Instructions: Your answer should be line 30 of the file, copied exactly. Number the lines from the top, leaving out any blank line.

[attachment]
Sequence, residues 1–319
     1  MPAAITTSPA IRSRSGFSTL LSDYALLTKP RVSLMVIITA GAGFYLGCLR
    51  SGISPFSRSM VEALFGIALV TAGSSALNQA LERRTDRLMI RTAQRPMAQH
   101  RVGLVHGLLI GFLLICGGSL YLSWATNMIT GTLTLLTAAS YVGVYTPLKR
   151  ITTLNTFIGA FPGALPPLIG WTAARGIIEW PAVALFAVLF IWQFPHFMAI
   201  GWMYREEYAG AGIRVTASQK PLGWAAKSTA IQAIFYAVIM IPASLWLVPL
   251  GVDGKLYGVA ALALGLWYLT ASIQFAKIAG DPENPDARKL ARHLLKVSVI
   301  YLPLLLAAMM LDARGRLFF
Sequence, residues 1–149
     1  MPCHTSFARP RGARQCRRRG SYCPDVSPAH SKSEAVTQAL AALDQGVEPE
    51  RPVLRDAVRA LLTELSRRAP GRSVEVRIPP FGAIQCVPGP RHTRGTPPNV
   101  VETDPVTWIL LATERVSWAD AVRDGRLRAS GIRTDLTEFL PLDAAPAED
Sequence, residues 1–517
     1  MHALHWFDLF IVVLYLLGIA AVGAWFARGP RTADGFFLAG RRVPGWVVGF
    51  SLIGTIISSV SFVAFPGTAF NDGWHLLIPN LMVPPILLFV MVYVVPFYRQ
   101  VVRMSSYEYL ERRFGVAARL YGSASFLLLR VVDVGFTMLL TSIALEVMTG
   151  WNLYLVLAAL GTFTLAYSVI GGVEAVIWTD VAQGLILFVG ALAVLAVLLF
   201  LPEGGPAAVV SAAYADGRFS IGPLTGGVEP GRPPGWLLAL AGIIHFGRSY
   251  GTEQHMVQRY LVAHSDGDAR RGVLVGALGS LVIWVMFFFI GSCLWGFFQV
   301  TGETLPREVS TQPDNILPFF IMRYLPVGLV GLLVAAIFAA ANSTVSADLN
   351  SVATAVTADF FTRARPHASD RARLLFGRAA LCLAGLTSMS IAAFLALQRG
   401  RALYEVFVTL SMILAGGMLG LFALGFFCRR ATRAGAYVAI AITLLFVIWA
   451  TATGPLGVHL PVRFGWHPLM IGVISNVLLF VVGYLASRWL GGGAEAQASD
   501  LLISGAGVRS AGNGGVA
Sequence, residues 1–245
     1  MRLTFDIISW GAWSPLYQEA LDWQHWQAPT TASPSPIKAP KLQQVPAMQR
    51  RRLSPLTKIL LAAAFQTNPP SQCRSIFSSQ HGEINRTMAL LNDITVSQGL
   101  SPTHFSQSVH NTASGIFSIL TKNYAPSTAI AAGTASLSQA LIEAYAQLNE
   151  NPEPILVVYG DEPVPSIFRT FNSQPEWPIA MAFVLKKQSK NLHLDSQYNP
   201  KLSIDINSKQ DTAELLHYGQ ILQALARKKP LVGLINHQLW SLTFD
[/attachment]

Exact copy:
   201  KLSIDINSKQ DTAELLHYGQ ILQALARKKP LVGLINHQLW SLTFD